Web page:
A security officer stands near closed El Al check-in counters in the departure hall at Israel's Ben-Gurion International Airport near Tel Aviv.
(photo credit: REUTERS/NIR ELIAS)
The case of the World Council of Churches official barred entry from Israel due to allegations that she has supported boycotting the country was heard by a Jerusalem court on Thursday.
The state argued that Israel faces a wave of delegitimization, case arose before a 2017 law empowered the state to deny entry to BDS supporters, the state argued that its power to deny entry on a discretionary basis predated that law. It also argued that the courts can only override the government’s position on denial of entry in very extreme cases of overreach and that this case does not meet that standard.
“Policy-makers and the courts will decide whether Isabel Phiri should be allowed into Israel. But there should be no doubt about the deeply problematic nature of the World Council of Churches, with a long history of antisemitism and anti-Israel hostility,” noted Prof. Gerald Steinberg, the president of NGO Monitor. “Its most grievous sin is EAPPI [Ecumenical Accompaniment Program in Palestine and Israel], for which this is no parallel anywhere in the world and is a vehicle for training BDS activists.”
NGO Monitor said that the EAPPI, which brings thousands of volunteers to the West Bank to “witness life under occupation,” receives direct and indirect funding from various European governments and church organizations.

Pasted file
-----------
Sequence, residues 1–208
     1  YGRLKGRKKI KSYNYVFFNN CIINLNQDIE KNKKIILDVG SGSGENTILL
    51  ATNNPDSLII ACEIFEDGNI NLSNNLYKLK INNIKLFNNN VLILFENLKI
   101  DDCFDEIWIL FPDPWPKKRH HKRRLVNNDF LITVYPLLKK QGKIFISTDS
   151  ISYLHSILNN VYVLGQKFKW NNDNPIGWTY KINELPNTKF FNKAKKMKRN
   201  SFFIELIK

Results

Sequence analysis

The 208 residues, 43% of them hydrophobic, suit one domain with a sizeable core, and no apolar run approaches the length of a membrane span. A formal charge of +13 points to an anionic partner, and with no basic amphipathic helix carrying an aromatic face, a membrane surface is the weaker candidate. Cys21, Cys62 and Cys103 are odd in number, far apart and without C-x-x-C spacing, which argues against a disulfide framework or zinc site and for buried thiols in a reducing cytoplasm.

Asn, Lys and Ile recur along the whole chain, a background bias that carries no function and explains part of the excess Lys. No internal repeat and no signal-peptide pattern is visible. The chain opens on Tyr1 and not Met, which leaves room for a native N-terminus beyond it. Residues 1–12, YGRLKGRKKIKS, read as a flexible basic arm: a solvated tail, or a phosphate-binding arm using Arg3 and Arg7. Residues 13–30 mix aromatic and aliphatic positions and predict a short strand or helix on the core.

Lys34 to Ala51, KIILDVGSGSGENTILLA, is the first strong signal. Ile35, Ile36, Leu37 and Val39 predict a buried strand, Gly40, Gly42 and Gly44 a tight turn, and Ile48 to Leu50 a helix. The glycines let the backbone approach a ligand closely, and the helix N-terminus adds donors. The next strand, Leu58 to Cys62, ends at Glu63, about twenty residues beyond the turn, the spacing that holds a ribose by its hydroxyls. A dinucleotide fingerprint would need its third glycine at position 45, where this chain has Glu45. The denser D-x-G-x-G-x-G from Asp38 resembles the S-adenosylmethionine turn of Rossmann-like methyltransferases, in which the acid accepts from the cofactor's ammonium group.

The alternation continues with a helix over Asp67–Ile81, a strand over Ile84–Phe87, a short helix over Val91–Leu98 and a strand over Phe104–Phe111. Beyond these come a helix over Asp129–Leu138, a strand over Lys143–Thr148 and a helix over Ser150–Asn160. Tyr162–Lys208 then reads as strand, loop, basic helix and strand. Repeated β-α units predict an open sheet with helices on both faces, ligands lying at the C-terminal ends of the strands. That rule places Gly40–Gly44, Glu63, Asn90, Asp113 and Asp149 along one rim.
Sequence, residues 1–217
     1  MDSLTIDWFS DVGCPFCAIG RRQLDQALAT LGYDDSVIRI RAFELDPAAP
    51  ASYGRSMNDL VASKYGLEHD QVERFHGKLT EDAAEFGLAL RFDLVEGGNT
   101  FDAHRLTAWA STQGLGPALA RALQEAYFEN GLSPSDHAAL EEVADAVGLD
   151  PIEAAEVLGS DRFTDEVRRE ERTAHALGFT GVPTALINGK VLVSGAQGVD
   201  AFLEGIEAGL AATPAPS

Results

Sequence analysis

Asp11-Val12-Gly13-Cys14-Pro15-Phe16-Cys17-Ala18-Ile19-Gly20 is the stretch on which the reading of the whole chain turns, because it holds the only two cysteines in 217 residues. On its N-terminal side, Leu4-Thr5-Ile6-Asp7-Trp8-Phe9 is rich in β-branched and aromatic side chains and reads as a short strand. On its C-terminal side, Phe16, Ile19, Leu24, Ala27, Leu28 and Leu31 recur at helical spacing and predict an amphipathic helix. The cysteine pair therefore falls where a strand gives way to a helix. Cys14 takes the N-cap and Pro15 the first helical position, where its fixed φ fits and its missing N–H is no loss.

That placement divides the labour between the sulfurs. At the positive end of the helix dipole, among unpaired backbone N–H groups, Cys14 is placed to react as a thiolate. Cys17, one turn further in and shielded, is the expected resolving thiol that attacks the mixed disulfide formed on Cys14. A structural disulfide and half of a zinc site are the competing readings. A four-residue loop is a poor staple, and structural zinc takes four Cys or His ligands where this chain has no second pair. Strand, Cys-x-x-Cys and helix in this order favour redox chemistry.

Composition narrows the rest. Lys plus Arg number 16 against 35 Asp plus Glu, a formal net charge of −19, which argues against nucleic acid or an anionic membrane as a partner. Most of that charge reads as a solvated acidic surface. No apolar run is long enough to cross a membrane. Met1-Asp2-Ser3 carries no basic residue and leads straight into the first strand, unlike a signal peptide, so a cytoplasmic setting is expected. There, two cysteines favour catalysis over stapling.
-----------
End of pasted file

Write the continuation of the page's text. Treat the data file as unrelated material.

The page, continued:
Defending Phiri, human rights lawyer Michael Sfard said that the state has been a problematic moving target in this case, constantly changing its reasons for denying her entry.
He said that originally the state gave her a document denying her entry alleging that she was trying to illegally become a resident.
While the state had dropped this ground, Sfard told the court that defeating this bogus argument alone was grounds to allow Phiri to enter.
Continuing, he said that the evidence brought to show she supports boycotts of Israel failed to prove anything.
As an example, he said that a photo she posted of an Israeli soldier pointing a gun at a Palestinian had not been attacked as doctored and, therefore, what the state implied was that merely expressing a political opinion can be viewed as support for BDS.
Sfard also said that there were a range of obvious factual errors in the report submitted against Phiri.
The court said it would review the issue further before making a decision.
This case comes as the parallel cases of American student Lara Alqasem
and of Human Rights Watch official Omar Shakir, who were denied entry into Israel based on BDS support, are before various courts.
Join Jerusalem Post Premium Plus now for just $5 and upgrade your experience with an ads-free website and exclusive content. Click here>>